As the business lingered in its new hands, the former prosecutor, fearful of its slipping through them, frequently waited upon the Attorney-General, to remind him of the prosecution. At length an information was filed against De Foe for a misdemeanor only, contrary to the expectations of the Whigs, who were desirous of indicting him for high treason. Upon the first day of Easter Term, De Foe appeared with his bail in the Court of Queen's Bench, when the Attorney-General acquainted the court with his instructions, and our author was continued out upon his own recognizance. But before he left the court, the Chief Justice called for his Reviews of the 16th and 18th of April, in which our author, prompted by a consciousness of innocence, as well as indignation at his unjust treatment, had made some reflections upon the prosecution, and pointed particularly at the conduct of Parker. Having shown them to De Foe, and obtained his acknowledgment as the writer, he declared them insolent libels ; but being himself personally concerned, he left it to the other judges to proceed as they thought fit. The * Reviews' being then read in court, the judges, who were somewhat infected with the violence of the times, concurred in opinion that they were highly insolent to the Lord Chief Justice, and a notorious contempt of that court, as well as the laws of the nation ; and they adjudged the writer to be committed prisoner to the Queen's Bench for the said offences. Mr Chalmers says he was committed to Newgate, from whence he was soon afterwards released upon his making a proper submission. It appears that upon this occasion the court went beforehand in its judgment of the accused works, pronouncing them “scandalous, wicked, and treasonable libels ;" so that the author had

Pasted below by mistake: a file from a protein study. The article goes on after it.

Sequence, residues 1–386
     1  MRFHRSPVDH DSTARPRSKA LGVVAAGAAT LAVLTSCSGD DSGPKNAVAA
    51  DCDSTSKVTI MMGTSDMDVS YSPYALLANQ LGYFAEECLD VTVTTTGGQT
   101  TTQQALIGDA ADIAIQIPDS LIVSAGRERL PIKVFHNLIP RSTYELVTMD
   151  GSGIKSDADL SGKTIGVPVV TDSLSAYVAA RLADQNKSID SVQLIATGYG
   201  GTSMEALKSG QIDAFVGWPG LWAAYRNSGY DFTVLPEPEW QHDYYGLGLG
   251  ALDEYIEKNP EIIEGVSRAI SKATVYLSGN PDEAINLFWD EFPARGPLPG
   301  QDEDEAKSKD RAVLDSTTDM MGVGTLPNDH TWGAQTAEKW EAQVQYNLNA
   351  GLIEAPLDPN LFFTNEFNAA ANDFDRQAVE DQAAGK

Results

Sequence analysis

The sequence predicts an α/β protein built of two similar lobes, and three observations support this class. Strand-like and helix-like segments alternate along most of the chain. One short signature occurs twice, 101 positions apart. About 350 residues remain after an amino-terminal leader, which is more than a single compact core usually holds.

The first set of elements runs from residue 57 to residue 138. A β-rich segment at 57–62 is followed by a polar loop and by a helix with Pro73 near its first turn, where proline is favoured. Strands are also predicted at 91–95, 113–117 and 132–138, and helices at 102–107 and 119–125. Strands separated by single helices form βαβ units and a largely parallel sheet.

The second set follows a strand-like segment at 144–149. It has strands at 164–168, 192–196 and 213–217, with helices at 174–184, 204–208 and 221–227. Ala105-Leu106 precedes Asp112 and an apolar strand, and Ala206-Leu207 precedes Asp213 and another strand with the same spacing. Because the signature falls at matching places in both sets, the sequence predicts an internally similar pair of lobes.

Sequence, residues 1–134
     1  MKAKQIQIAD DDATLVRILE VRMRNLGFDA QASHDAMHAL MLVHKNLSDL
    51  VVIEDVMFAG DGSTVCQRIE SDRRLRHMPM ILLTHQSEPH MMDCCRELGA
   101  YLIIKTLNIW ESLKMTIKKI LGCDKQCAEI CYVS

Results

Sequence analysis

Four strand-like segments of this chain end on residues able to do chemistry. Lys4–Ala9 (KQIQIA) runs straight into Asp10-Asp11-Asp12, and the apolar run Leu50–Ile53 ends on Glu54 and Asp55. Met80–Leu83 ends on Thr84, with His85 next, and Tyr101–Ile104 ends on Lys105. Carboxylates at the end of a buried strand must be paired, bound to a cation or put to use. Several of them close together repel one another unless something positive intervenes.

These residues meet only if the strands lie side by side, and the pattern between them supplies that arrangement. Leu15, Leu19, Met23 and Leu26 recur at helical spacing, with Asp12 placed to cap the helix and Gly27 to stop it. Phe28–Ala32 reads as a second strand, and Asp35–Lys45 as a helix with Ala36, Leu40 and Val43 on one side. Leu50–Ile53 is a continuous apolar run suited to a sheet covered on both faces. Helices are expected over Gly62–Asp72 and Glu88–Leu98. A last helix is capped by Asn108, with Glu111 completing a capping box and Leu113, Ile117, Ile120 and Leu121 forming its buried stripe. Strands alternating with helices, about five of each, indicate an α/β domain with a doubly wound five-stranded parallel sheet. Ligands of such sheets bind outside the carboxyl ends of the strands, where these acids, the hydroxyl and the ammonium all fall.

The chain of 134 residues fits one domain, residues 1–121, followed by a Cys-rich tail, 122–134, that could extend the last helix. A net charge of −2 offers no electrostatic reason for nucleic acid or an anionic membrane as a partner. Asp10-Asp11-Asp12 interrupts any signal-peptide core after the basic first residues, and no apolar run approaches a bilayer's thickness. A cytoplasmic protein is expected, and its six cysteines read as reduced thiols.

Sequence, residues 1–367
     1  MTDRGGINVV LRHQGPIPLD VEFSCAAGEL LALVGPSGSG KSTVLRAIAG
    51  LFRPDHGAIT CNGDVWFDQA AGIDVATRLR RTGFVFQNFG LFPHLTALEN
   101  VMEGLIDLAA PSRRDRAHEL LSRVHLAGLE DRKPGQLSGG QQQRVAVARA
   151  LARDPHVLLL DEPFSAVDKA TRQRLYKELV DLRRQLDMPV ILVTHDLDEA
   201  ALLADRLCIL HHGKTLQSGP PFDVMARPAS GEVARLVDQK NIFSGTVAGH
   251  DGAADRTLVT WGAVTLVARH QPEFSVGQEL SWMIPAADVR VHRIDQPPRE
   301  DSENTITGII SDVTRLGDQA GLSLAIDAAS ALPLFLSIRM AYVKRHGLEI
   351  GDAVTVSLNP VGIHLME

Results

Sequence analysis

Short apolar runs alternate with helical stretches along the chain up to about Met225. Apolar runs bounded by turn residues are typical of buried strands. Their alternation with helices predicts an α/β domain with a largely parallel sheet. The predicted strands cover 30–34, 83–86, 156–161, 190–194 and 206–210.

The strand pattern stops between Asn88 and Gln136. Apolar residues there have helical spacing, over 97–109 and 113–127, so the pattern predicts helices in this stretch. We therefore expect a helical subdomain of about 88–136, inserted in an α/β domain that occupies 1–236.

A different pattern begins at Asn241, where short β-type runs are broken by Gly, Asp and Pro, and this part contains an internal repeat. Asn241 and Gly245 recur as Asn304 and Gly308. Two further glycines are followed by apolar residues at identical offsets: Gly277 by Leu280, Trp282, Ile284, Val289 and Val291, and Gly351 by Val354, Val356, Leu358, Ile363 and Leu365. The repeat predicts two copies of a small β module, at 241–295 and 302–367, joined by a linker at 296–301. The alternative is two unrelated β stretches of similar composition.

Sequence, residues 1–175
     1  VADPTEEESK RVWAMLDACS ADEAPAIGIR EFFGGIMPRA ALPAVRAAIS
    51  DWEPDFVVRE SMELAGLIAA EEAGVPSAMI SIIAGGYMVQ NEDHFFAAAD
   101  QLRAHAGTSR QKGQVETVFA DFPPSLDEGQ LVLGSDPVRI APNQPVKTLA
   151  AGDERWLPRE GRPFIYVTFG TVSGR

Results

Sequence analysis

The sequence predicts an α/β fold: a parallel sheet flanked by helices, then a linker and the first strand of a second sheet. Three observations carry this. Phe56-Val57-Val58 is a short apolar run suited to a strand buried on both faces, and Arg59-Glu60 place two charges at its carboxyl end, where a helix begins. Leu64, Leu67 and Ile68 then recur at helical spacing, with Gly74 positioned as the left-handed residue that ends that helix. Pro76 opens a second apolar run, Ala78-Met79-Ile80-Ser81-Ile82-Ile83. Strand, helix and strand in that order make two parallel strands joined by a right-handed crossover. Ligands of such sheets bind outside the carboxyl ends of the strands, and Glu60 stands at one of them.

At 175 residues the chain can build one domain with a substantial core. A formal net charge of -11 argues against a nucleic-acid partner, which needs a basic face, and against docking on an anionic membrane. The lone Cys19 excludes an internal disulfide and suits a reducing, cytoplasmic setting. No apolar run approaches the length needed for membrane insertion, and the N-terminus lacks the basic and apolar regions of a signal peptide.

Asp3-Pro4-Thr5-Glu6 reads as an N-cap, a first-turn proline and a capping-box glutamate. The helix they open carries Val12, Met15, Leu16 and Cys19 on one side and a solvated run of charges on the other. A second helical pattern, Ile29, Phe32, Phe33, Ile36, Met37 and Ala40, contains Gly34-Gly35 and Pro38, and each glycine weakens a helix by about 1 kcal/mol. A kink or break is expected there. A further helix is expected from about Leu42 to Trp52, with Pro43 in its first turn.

• Oldmixon, iii, 509.
f The Craftsman's Doctrine and Practice of the Liberty of the Press,' p. 33.

everything to fear from the issue of a trial. When he excused himself to the court by urging the ironical nature of the performances, his plea was not admitted. Sir Thomas Powis, who had been one of the counsel against the bishops in King James's reign, and was lately promoted to be a judge, set common sense at defiance, wasting much learning in endeavouring to extract a meaning from them, which every dispassionate reader must have known to be beside the real intention of the writer, and he concluded his argument by telling him that they contained matter for which he might be hanged, drawn, and quartered. This ominous intimation was sufficient to shake the nerves of any man who had not conscious innocence to support him. It was fortunate for De Foe that his first benefactor was still in power, and had the disposition as well as ability to befriend him.